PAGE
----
EFFICIENCY SURVIVES AN ATTACK OF THE ANOMALIES

Do the anomalies revealed through long-term stock return studies mean market efficiency is dead? Eugene Fama's answer is a firm no.

 

WWW.OOPS

What’s the secret to a well-crafted web site? How do you avoid expensive, time-consuming pitfalls that frustrate site users and your potential customers?

 

ALUMNI UPDATE

We received the wonderful news that Myron Scholes, M.B.A. ’64, Ph.D. ’70, won the Nobel Memorial Prize in Economic Sciences–the first GSB alumnus to do so!

It is time for the members of the classes of 1983, 1988, 1993, and 1996 to make plans to return to Hyde Park for their reunions May 1­2. If you would like to join the planning committee for your class, please e-mail alumni@gsb.uchicago.edu.

 

GSB HAPPENINGS

On October 17, we held an alumni party and more than 1,000 people came. Three alumni were singled out for special recognition as the 1997 Distinguished Alumni Awards were presented.

The outlook for the coming economic year is relatively positive, but signs and portents suggest that the end of the current economic golden age is coming, experts predicted at the annual Business Forecast Lunch on December 3.

Dust flew this summer as the GSB underwent a whirlwind $4.3 million makeover–the most extensive in the school’s history.

YOUR 5-YEAR-OLD has been bitten by a spider and can barely move his foot, which has swelled to twice its normal size. Fearing the worst, you reach for the phone to consult a physician. But who do you call? You’re 4,000 miles from home. When you call a clinic, you connect with someone speaking a language you can’t understand.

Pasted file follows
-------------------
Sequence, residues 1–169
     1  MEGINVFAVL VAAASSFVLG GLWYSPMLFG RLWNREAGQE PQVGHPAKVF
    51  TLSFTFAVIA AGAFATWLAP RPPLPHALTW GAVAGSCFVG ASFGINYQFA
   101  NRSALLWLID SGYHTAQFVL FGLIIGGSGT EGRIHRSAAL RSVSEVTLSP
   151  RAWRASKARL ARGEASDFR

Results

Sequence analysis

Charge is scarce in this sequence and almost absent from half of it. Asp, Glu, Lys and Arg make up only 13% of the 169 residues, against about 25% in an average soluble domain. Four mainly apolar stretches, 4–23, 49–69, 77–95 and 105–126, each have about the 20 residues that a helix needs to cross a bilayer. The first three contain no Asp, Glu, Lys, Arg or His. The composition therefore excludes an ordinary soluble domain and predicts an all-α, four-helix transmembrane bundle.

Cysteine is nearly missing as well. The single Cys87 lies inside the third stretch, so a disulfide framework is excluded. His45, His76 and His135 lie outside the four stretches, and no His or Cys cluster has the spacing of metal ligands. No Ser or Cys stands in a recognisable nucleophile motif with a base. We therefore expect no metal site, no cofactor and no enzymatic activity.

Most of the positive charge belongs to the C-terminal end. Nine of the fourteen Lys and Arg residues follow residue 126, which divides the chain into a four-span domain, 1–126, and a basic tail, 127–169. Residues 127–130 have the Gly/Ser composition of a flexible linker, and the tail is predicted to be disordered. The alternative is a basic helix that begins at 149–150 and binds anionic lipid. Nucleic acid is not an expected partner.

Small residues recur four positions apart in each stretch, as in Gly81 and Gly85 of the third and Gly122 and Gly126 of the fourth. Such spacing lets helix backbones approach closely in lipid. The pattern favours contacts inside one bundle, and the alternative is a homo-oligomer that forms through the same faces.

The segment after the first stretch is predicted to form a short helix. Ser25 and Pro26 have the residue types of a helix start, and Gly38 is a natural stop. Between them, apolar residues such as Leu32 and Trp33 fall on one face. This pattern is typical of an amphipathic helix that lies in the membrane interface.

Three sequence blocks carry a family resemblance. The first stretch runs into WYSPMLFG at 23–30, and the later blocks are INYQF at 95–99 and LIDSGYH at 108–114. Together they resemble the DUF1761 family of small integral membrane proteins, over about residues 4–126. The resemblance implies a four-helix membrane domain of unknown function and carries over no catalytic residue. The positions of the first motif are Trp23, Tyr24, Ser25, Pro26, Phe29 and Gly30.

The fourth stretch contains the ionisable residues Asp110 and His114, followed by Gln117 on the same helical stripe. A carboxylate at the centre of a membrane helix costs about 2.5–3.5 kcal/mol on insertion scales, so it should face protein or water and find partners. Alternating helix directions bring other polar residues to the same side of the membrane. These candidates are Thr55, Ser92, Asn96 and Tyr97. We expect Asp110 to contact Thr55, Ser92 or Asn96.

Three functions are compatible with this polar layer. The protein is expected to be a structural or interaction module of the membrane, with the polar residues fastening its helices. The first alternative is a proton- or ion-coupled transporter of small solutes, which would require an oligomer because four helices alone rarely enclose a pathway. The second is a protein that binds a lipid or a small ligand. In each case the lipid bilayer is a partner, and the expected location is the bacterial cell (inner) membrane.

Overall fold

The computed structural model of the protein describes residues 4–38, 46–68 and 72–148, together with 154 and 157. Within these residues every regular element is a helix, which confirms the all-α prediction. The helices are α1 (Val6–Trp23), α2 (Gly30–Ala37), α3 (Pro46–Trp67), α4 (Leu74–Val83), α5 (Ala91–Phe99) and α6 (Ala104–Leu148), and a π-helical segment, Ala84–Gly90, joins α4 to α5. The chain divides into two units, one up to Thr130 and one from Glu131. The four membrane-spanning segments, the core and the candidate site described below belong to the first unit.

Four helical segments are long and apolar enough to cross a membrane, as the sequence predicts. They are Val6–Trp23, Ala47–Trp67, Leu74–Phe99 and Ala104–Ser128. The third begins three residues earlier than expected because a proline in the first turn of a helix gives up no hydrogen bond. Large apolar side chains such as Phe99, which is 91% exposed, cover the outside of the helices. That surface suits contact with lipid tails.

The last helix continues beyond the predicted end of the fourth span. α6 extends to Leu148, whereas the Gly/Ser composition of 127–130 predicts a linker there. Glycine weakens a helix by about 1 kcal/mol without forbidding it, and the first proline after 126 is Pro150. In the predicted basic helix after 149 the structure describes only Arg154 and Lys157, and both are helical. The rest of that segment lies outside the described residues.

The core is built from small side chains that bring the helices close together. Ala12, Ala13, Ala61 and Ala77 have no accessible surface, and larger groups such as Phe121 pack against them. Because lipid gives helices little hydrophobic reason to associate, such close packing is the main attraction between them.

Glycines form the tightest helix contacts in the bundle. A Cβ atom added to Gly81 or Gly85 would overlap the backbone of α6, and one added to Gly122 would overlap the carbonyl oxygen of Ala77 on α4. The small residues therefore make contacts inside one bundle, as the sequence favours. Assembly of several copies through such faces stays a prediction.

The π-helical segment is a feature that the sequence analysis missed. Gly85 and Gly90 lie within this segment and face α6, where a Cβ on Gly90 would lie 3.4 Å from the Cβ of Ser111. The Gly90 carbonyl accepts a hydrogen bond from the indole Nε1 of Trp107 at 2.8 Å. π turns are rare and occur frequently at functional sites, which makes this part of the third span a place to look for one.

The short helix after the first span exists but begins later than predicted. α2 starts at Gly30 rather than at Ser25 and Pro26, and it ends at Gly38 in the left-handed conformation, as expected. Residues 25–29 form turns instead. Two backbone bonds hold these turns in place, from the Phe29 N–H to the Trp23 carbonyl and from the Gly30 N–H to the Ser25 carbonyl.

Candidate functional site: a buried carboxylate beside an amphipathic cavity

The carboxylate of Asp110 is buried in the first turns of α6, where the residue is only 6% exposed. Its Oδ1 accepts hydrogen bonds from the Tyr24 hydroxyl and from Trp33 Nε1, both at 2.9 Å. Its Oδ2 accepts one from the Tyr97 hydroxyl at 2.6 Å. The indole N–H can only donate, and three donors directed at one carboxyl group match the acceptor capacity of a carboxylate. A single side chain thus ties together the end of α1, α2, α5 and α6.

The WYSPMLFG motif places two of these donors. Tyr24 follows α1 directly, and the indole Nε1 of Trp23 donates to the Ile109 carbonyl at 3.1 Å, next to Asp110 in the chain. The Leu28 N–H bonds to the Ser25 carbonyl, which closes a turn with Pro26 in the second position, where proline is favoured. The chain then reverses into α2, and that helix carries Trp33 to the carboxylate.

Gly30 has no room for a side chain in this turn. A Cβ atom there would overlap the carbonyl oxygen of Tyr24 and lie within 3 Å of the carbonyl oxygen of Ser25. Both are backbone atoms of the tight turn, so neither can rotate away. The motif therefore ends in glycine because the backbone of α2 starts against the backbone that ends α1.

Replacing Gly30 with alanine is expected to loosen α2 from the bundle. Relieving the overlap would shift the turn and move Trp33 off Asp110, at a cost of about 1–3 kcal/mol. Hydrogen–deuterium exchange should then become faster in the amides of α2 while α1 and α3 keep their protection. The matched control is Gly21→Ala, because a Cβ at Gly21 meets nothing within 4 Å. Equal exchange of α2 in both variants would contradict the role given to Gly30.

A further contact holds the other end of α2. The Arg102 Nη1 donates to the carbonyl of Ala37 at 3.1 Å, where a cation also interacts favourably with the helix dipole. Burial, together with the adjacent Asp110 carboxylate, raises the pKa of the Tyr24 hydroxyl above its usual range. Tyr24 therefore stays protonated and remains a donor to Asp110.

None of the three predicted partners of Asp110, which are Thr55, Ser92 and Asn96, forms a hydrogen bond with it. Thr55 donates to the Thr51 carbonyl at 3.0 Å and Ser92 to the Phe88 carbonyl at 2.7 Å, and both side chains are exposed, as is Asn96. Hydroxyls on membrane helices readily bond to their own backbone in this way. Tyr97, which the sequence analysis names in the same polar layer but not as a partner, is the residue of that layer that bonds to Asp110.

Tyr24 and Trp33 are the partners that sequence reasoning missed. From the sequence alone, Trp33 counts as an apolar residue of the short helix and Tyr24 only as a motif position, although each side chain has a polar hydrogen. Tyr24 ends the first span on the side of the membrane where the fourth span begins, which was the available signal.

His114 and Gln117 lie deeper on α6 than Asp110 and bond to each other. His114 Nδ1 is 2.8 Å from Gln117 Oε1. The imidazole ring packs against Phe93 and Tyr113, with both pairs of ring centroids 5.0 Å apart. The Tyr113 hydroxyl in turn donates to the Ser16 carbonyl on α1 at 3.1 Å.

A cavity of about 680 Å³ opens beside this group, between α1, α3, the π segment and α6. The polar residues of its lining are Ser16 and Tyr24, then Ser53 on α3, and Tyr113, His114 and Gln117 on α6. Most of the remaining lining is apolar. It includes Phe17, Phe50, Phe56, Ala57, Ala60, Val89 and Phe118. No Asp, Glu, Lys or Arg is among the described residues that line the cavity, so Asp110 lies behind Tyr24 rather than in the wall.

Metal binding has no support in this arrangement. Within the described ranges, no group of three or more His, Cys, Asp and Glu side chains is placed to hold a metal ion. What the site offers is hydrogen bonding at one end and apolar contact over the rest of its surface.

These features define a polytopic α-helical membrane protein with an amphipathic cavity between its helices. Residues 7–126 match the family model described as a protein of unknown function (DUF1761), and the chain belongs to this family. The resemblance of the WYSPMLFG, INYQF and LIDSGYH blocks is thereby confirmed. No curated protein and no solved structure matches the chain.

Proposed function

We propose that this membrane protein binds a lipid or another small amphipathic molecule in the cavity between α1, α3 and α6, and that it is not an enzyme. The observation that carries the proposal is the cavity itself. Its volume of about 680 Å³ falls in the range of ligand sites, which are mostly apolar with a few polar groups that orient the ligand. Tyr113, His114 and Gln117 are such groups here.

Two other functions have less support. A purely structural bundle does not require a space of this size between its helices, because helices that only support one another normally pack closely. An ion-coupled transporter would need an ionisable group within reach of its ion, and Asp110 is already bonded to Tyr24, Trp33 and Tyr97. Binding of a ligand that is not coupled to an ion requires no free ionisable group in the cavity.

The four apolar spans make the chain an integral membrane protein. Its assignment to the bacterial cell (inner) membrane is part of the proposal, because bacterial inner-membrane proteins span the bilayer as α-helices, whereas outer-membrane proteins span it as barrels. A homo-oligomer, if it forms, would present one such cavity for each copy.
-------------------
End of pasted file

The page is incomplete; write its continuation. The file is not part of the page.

“We didn’t know what to do or where to go,” says Johnson, ’88, who moved his family to Heidelberg to take a new position with Becton Dickinson.

Increasingly, companies are moving their employees abroad with families in tow. The already complicated task of moving an employee to another country–securing a visa and work permit, negotiating a compensation package, finding housing and transportation in the new country–becomes even more difficult when families are factored in.

Spouses who have given up a job in the United States may find themselves struggling to secure a post abroad or adjusting to a stay-at-home life. Some may start families far from the supportive circle of family and friends, hunting to find health care and schooling for their children.

A smart company helps their employees’ families overcome those struggles. Cornelius Grove of Cornelius Grove & Associates, a Brooklyn, New York-based firm that helps people with international adjustment, told the Wall Street Journal in January 1997 that dissatisfaction among spouses is the number one reason for early returns from international assignments. And early returns translate into extra expense to retrain and relocate a replacement...

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IN THIS EDITION...

- Group finance director Morris, '83, builds his equity
- Linguist Wilson, '54, finds success in publishing
- '97 grads spend summer globe-trotting
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Click here to browse class notes by year...

GSB Chicago is now accepting Class Notes submissions via the Web! Accomplished alumni are invited to fill out our online Net Notes Form and let your classmates know what you're up to.

 

Sunken Treasures Delay Smith’s Degree

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